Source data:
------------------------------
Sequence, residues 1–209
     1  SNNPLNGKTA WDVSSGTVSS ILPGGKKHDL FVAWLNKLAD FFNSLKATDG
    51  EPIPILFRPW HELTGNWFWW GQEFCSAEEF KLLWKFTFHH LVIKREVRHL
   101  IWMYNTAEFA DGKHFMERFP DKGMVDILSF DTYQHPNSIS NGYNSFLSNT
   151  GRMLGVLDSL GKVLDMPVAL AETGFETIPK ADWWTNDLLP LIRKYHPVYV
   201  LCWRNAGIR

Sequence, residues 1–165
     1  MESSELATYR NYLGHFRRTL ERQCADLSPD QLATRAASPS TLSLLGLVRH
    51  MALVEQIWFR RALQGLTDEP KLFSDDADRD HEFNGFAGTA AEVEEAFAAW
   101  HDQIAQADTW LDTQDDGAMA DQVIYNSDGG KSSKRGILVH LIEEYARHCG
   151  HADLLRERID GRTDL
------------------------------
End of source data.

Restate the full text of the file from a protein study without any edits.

Sequence, residues 1–209
     1  SNNPLNGKTA WDVSSGTVSS ILPGGKKHDL FVAWLNKLAD FFNSLKATDG
    51  EPIPILFRPW HELTGNWFWW GQEFCSAEEF KLLWKFTFHH LVIKREVRHL
   101  IWMYNTAEFA DGKHFMERFP DKGMVDILSF DTYQHPNSIS NGYNSFLSNT
   151  GRMLGVLDSL GKVLDMPVAL AETGFETIPK ADWWTNDLLP LIRKYHPVYV
   201  LCWRNAGIR

Sequence, residues 1–165
     1  MESSELATYR NYLGHFRRTL ERQCADLSPD QLATRAASPS TLSLLGLVRH
    51  MALVEQIWFR RALQGLTDEP KLFSDDADRD HEFNGFAGTA AEVEEAFAAW
   101  HDQIAQADTW LDTQDDGAMA DQVIYNSDGG KSSKRGILVH LIEEYARHCG
   151  HADLLRERID GRTDL